10/19/2011 | by
Nareit Staff
October 19, 2011



  • FIRPTA Reform Proposals Introduced in House and Senate, Gain Bipartisan Support

  • Real Estate Industry Opposes Amendment That Would End TRIA in 2013

  • Coalition for Derivatives End-Users Meet with Lawmakers and Regulators, Urge Unambiguous End-User Exemption from Margin Requirements

  • Policymakers Continue to Consider GSE Reform, Proposals to Allow More Borrowers to Refinance, and Regulation of Mortgage Investors

  • As Deadline Approaches, Joint Select Committee on Deficit Reduction Works Mostly Behind Closed Doors

  • Public Non-Listed REIT Council Convenes, Begins Work


FIRPTA Reform Proposals Introduced in House and Senate, Gain Bipartisan Support

On Sept. 21, Reps. Kevin Brady (R-TX) and Joe Crowley (D-NY), along with Patrick Tiberi (R-OH) and Shelley Berkley (D-NV), introduced H.R. 2989, the Real Estate Jobs and Investment Act of 2011. A day later, Sens. Bob Menendez (D-NJ) and Mike Enzi (R-WY) introduced a similar bill in the Senate, S. 1616, the Real Estate Investment and Jobs Act of 2011. Sens. Chuck Schumer (D-NY), Maria Cantwell (D-WA), Ben Cardin (D-MD), Bill Nelson (D-FL), Mike Crapo (R-ID) and Michael Bennet (D-CO) have also signed on as cosponsors of S. 1616.

Both bills would amend the Foreign Investment in Real Property Tax Act (FIRPTA) in two important ways. First, the current "portfolio investor" exception for sales of stock and capital gains dividends of listed REITs would be increased from 5 percent to 10 percent, and this would include investors of 10 percent or less in listed foreign entities entitled to pass-through treatment under applicable U.S. tax treaties. Second, the legislation would reverse a 2007 IRS notice, pursuant to which liquidating distributions of a REIT are currently taxed as a sale of real estate subject to FIRPTA, rather than being taxed as a sale of stock - as most tax practitioners believed to be the case prior to 2007.

These proposals represent an important step toward the enactment of reforms to FIRPTA that would reduce barriers to foreign equity investments in U.S. commercial real estate. NAREIT and other real estate organizations have advocated for these reforms for several years, and we will encourage other lawmakers on the tax-writing committees to support these proposals.

Real Estate Industry Opposes Amendment That Would End TRIA in 2013

On Sept. 8, during Senate Banking Committee consideration of legislation reauthorizing the national flood insurance program, Sen. Roger Wicker (R-MS), a member of the Committee, proposed an amendment that would have terminated the Terrorism Risk Insurance Act (TRIA) in 2013, a year earlier than TRIA is scheduled to expire under its 2007 reauthorization.

NAREIT, a founding member of the Coalition to Insure Against Terrorism (CIAT), joined with 14 other trade associations, including The Real Estate Roundtable and the International Council of Shopping Centers, in sending a letter to Banking Committee Chairman Johnson (D-SD) and Ranking Member Shelby (R-AL) urging them to oppose the Wicker amendment. The letter states, "As we mark the tenth anniversary of the September 11, 2001 terrorist attacks on New York, Washington, D.C. and Pennsylvania, our nation continues to be faced with the threat of terrorism. The Terrorism Risk Insurance Act (TRIA) is an economic first responder in a terrorist attack… Maintaining a workable federal terrorism insurance backstop is vital for the nation's economy. Without adequate terrorism insurance coverage, our economy, our jobs and our well-being become more vulnerable to the designs of the terrorists who hope to destroy our economic strength."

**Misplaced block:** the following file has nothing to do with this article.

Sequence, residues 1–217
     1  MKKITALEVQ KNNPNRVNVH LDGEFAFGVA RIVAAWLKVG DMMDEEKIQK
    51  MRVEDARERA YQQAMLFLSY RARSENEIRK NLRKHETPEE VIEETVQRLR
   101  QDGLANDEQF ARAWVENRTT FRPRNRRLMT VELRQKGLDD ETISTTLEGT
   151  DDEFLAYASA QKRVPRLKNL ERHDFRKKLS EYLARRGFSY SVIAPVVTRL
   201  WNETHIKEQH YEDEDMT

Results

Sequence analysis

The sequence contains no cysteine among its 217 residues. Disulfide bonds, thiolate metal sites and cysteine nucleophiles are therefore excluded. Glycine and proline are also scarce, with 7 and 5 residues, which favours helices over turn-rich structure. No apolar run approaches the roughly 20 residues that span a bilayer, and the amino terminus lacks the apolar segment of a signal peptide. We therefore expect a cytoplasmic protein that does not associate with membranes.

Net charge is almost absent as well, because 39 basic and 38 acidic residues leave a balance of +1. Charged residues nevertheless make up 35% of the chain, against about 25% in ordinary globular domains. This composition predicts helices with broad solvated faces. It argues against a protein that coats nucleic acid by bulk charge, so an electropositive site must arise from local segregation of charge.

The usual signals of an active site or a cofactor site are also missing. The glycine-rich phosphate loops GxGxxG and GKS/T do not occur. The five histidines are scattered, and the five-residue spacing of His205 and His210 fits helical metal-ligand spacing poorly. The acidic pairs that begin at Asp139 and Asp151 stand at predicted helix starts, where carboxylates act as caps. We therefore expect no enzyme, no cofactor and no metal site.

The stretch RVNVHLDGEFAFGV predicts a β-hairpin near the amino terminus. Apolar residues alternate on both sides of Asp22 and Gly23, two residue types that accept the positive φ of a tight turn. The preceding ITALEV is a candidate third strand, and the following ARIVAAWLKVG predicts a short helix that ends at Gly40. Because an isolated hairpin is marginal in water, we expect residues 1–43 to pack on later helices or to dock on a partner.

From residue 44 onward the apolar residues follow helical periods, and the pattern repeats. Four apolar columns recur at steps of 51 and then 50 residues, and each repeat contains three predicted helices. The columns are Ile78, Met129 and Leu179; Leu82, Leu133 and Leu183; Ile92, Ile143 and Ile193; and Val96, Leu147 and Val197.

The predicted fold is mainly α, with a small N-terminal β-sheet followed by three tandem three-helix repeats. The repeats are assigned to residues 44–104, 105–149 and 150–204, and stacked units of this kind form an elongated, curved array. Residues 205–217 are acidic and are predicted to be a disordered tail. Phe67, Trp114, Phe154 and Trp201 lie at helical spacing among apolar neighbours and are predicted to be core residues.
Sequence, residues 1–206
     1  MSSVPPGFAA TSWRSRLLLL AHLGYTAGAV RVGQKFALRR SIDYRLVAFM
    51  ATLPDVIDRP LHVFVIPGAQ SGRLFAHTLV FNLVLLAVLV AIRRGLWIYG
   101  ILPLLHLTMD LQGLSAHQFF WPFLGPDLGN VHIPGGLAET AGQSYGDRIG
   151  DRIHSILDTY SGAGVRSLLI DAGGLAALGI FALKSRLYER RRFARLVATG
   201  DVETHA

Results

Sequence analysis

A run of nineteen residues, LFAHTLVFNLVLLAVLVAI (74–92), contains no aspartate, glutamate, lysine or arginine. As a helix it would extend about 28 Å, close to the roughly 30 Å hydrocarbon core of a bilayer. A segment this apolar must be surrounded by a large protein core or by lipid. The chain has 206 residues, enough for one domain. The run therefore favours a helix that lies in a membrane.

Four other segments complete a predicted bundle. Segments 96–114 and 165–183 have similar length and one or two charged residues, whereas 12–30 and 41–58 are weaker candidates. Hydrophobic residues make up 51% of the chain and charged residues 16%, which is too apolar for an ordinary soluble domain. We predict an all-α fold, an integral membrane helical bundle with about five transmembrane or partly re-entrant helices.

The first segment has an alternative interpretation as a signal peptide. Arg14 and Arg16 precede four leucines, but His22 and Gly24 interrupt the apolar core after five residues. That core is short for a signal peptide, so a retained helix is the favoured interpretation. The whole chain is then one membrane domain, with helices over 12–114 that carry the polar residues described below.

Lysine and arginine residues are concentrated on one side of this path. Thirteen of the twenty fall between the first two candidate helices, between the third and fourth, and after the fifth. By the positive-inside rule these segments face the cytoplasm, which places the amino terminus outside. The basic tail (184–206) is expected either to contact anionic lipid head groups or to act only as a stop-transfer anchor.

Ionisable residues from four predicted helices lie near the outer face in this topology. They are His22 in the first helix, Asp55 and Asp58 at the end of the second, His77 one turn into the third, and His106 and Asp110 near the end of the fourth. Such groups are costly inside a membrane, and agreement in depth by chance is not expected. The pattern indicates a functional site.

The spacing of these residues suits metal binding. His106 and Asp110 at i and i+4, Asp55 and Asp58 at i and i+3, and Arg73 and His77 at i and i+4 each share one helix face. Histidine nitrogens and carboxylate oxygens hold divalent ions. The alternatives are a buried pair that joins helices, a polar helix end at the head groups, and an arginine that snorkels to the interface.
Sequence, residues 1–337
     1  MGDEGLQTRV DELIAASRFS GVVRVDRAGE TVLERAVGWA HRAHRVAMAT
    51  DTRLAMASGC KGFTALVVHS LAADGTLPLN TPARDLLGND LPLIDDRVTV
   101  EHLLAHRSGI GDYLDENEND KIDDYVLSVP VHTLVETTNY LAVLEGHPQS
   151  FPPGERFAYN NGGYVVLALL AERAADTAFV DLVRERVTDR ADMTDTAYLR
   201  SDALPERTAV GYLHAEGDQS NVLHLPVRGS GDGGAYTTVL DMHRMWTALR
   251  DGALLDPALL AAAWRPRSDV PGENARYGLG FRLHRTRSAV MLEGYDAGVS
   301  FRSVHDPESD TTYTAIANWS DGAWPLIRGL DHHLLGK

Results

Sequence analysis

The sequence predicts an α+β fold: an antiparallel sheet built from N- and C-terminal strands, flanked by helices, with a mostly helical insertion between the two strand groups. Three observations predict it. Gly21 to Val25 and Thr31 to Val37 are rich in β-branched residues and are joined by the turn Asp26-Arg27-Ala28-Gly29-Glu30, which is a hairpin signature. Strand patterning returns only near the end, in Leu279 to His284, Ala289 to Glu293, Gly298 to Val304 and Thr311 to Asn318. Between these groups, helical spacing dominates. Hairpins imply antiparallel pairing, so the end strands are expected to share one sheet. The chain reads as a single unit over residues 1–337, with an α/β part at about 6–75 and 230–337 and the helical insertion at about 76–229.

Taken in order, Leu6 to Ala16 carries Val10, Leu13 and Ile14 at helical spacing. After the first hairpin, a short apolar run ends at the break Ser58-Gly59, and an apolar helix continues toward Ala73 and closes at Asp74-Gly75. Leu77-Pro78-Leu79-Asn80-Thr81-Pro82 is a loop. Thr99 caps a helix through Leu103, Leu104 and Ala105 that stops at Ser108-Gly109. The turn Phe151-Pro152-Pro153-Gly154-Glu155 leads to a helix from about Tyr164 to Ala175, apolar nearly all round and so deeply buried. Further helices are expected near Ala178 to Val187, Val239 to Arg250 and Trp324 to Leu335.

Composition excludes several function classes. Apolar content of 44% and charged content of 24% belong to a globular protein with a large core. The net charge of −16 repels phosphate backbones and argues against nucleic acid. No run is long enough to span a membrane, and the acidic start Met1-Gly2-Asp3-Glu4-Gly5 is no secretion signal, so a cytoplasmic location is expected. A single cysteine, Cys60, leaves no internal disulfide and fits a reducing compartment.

In the face of opposition from industry and his colleagues, Sen. Wicker withdrew his amendment, stating that he anticipates revisiting the issue of terrorism insurance at a later date. CIAT will oppose any similar amendment offered in the future and is preparing to advocate for the continuation of TRIA as its expiration approaches.

Coalition for Derivatives End-Users Meet with Lawmakers and Regulators, Urge Unambiguous End-User Exemption from Margin Requirements

On Thurs., Oct. 6, the Coalition for Derivatives End-Users hosted a “fly-in” of treasurers and financial executives from companies that use derivatives to manage the commercial risks they face due to their exposure to variable interest rates, commodity prices, or currency exchange rates. In meetings with lawmakers and regulators, the Coalition urged policymakers to provide end-users with an unambiguous exemption from margin requirements on non-cleared derivatives.

While the statutory text and legislative history of the Dodd-Frank Act clearly provide such an exemption for end-users, the regulators, particularly the banking regulators, have proposed rules that could impose margin requirements on non-cleared trades entered into by entities that pose no systemic risk and which enter into derivatives to hedge commercial risk, not to speculate.

Of particular concern to real estate companies is that, not only could these proposed rules subject them to margin requirements on interest rate derivatives, but the rules would potentially end a common practice that allows the use of buildings and other physical assets to secure both a loan and a swap with the same property. By undermining the ability of real estate companies to lock in fixed rate payments on variable rate debt in this way, these rules could limit their ability to finance their properties on the terms and with the lender of their choosing.